Click the mouse button or press the Space Bar to display the information. Chapter Objectives Section 2: The Feminist Movement I can describe the workplace concerns that fueled the growth of the women’s movement. I can identify major achievements of the women’s movement.
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Click the mouse button or press the Space Bar to display the information. A Weakened Women’s Movement A new feminist movement began in the 1960s. Feminism, the belief that men and women should be equal politically, economically, and socially, began as early as the 1920s. With the onset of World War II, women joined the nation’s workforce as many men went off to fight the war. When the soldiers returned after the war, many women lost their jobs. (pages 926–927)
Women gradually returned to the labor market, and by 1960 made up almost one-third of the nation’s workforce. A Weakened Women’s Movement (cont.)
The Women’s Movement Reawakens By the early 1960s, women became increasingly resentful of old stereotypes. As more women entered the workforce, the protest for equality increased. The women’s movement was brought back to life by a mass protest of women and a government initiative called the President’s Commission on the Status of Women. The group, headed by Eleanor Roosevelt, urged President Kennedy to study the status of women.
In 1963 the Equal Pay Act was passed. It outlawed paying men more than women for the same job. Title VII of the 1964 Civil Rights Act outlawed job discrimination. It became the legal basis for advances by the women’s movement. Attitudes about what was proper women’s work took time to change. The Women’s Movement Reawakens (cont.)
The Equal Employment Opportunity Commission (EEOC) still held that jobs could be distinguished by gender. The Women’s Movement Reawakens (cont.)
In 1963 Betty Friedan’s The Feminine Mystique stirred up women all across the country. For the book, Friedan traveled around the country interviewing women who had graduated with her from Smith College in 1942. Friedan found that while women reported that they had everything they could want, they still felt unfulfilled. The book became a bestseller. The Women’s Movement Reawakens (cont.)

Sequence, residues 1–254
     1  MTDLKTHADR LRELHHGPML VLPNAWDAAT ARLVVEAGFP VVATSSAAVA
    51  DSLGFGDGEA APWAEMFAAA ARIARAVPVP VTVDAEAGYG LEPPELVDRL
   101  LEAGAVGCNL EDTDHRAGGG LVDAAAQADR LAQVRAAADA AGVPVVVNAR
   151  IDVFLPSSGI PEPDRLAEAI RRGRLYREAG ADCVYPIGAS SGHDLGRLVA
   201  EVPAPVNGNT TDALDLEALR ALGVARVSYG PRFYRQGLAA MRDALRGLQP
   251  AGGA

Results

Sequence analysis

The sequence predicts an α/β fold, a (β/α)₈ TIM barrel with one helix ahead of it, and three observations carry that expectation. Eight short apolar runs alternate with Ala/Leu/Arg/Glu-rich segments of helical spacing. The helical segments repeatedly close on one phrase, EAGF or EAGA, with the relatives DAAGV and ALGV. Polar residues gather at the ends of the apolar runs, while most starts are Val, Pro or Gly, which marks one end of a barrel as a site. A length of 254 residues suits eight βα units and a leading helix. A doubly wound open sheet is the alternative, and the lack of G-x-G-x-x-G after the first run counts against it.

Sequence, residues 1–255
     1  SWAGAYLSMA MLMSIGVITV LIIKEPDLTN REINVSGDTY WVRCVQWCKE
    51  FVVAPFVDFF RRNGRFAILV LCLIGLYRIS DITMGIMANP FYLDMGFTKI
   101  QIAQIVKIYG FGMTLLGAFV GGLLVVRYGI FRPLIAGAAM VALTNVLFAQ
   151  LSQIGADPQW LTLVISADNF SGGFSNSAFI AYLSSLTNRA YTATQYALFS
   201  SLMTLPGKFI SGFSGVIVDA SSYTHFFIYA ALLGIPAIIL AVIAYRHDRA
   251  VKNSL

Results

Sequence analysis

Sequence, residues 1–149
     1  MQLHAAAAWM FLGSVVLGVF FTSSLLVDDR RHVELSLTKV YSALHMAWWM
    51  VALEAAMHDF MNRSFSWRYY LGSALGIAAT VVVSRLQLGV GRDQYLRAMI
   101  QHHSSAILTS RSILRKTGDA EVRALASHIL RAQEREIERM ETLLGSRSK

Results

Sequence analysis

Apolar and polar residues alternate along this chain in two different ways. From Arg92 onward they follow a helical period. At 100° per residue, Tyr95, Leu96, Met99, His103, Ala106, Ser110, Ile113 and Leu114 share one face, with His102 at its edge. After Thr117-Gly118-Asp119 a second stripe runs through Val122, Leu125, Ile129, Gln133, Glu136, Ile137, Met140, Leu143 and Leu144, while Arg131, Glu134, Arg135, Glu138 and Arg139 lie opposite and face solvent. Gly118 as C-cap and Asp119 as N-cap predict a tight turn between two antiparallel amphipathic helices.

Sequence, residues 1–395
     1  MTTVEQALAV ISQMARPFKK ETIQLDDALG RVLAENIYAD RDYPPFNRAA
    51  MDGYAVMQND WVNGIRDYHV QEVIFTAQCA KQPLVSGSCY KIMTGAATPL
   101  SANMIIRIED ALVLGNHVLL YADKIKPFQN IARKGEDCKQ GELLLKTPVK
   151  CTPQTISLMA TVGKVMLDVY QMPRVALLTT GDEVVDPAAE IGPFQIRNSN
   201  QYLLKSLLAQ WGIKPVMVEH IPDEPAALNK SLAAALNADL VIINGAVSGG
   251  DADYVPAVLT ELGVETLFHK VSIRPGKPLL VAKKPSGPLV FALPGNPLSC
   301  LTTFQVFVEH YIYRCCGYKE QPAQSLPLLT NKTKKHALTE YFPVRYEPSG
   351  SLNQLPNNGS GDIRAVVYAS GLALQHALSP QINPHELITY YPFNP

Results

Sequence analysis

In June 1966, Betty Friedan felt it was time for a national women’s organization to promote women into mainstream America. The group was named the National Organization for Women (NOW). It responded to many issues facing women. It demanded greater educational opportunities for women and denounced the exclusion of women from certain professions and political positions. The Women’s Movement Reawakens (cont.)
Successes and Failures Click the mouse button or press the Space Bar to display the information. The women’s movement experienced many successes and failures as it fought for women’s rights. An important success was greater equality for women in the educational system. Lawmakers enacted federal legislation banning sex discrimination in education. (pages 928–930)
In 1972 Congress passed the Educational Amendments. One of the sections, Title IX, prohibited federally funded schools from discriminating against girls in nearly all aspects of their operations, from admissions to athletics. Implementation of Title IX was slow at many schools and women still had to struggle for equality. Successes and Failures (cont.) (pages 928–930)
By the late 1960s, some states began adopting liberal abortion laws regarding a woman’s mental health or in the case of rape or incest. The biggest change came with the 1973 Supreme Court decision Roe v. Wade. The Supreme Court ruled that state governments could no longer regulate abortion during the first three months of pregnancy, a time within a woman’s constitutional right to privacy. Successes and Failures (cont.)
This gave rise to the right-to-life movement, whose members considered abortion morally wrong. In 1972 Congress passed the Equal Rights Amendment (ERA), which protected against discrimination based on gender. In order for it to become part of the Constitution, 38 states had to ratify it. Opposition to the ERA amendment began to grow as many saw the act as a threat to traditional American values and social patterns Successes and Failures (cont.) (pages 928–930)
Phyllis Schlafly, one of the most vocal critics of the amendment, organized a national Stop-ERA campaign. The amendment failed to be ratified by 38 states and finally died in 1982. Successes and Failures (cont.) In spite of the ERA’s failure, the women’s movement eventually led to profound changes in society.
Since the 1970s the number of women pursuing college degrees and careers outside the home has increased a great deal, and employers have begun to offer family-friendly options to their employees. Click the mouse button or press the Space Bar to display the information. Successes and Failures (cont.) (pages 928–930) Although the women’s movement helped to change social attitudes about women, a large income gap between men and women remains.
Most working women still have lower-paying jobs, but professional women have advanced the most since the 1970’s. By 2000, over 40 percent of the Americans graduating with law or medical degrees were women. Successes and Failures (cont.) (pages 928–930)